COVID-19 WORKERS’ COMPENSATION CASES AND PERMANENT DISABILITY: WHAT YOU NEED TO KNOW

A Stanford University Study reported on the residual complications from COVID-19. This study is important to Injured Workers who have filed COVID-19 related claims.

This article will address the study and what it means for Injured Workers.

What Was the Study About?

The study looked at COVID-19 patients, most of them who had been hospitalized, who reported symptoms and signs months after they became ill.  Stanford Press Release.

What Did the Study Find?

The study reported 84 different symptoms and signs from the patients. “Among the most common lingering symptoms were shortness of breath, fatigue, and sleep disorders.   In all, 84 different symptoms and clinical signs were reported, including loss of taste, and smell, cognitive disorders such as loss of memory and difficulty concentrating, depression, anxiety, chest pain and fevers.” Stanford.

Also, these persistant symptoms were found present in about 70 percent of those patients coming out of moderate to serious COVID-19. Stanford.

What Does This Mean for Injured Workers?

At some point, if these symptoms remain persistent, the Treating Doctors, Qualified Medical Evaluators, and Agreed Medical Evaluators will need to make a determination that these symptoms should be considered as permanent impairment. An assignment as permanent impairment allows an Injured Worker to collect permanent disability benefits.  The medical providers, in order to do so, may need to do make these determinations ahead of additional studies that may come in the future.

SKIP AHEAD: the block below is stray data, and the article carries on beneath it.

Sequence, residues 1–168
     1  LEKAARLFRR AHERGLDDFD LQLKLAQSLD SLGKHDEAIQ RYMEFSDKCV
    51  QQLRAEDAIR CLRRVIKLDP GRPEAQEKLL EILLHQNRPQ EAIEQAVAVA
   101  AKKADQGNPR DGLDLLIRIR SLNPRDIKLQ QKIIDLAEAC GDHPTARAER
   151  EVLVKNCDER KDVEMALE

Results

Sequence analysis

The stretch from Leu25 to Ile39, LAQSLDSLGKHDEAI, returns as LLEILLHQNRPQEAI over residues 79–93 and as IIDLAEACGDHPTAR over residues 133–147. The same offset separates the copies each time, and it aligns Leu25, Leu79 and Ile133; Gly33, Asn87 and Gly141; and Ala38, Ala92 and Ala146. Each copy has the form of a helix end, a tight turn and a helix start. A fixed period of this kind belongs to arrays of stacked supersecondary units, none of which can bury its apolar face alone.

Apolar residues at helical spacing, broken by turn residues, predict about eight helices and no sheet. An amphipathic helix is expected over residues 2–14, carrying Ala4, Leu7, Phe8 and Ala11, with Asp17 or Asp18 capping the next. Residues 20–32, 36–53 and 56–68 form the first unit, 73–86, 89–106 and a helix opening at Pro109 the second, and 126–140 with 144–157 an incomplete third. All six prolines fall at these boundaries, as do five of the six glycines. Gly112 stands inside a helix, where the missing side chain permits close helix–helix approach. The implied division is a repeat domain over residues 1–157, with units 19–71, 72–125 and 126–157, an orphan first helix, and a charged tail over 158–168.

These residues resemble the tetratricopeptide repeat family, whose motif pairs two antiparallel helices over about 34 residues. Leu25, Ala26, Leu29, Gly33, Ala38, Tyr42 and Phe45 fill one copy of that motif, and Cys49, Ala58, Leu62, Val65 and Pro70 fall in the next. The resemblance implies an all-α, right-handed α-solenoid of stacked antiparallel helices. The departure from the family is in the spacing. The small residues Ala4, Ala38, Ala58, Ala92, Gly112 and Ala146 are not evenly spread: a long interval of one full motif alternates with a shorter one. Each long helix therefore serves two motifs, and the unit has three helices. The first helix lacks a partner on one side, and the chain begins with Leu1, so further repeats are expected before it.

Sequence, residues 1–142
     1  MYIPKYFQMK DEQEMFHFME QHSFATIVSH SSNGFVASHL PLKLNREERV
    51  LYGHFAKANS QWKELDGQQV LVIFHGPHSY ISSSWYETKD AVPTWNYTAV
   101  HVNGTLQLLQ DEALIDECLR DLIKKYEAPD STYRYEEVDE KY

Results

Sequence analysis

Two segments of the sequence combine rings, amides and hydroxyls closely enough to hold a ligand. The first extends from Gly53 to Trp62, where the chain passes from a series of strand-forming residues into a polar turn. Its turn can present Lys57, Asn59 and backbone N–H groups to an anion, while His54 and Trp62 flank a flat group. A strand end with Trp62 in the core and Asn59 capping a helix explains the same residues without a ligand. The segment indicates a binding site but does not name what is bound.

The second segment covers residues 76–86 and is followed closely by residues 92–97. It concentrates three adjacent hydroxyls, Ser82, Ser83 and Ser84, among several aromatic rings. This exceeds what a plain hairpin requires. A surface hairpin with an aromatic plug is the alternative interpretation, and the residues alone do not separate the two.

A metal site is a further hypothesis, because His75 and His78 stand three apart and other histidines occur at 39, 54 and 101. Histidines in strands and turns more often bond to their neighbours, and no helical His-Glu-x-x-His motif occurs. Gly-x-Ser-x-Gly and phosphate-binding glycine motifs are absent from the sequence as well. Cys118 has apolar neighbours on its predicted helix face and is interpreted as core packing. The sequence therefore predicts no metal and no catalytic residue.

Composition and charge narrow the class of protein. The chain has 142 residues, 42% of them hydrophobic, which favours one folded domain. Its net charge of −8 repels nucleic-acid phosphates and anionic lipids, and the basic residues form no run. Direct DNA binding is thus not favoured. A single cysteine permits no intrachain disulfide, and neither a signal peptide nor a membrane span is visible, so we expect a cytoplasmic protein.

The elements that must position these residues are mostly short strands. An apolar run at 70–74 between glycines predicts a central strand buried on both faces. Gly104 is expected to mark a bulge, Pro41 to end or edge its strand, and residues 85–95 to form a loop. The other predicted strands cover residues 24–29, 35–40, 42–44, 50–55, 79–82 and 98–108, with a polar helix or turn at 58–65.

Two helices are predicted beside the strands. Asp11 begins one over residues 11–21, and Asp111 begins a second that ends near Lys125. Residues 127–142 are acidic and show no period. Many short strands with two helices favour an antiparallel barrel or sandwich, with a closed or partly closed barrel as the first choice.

Further, due to the myriad of symptomology, a variety of specialties may be necessaryt to address these impairments.  These specialties may include internal medicine doctors, neurologists, psychiatrists and psychologists.

What If I Need Advice?

If you would like a free consultation regarding workers’ compensation, please contact the Law Offices of Edward J. Singer, a Professional Law Corporation. We have been helping people in Central and Southern California deal with their workers’ compensation cases for 27 years. Contact us today for more information.

THE “STRAIGHT LEG” TEST: INJURED WORKERS BEING EXAMINED FOR WORK INJURIES AND WORKERS’ COMPENSATION: WHAT YOU NEED TO KNOW

Injured Workers are both evaluated and treated within the Workers’ Compensation System for their work-related complaints.  Workers suffering from back injuries will be physically examined in order to determine a proper diagnosis.

Lumbar Spine Physical Examinations require that the physician or examiner perform a variety of physical tests.  One of these tests is the “straight leg.”

This article will discuss the “straight leg” test, what it means for a back condition, and what it means for Industrially Injured Workers.

Who Conducts Lumbar Spine Physical Examinations?

Physical Examinations are done by medical professionals in the capacity of Treaters,  Qualified Medical Evaluators, and Agreed Medical Evaluators.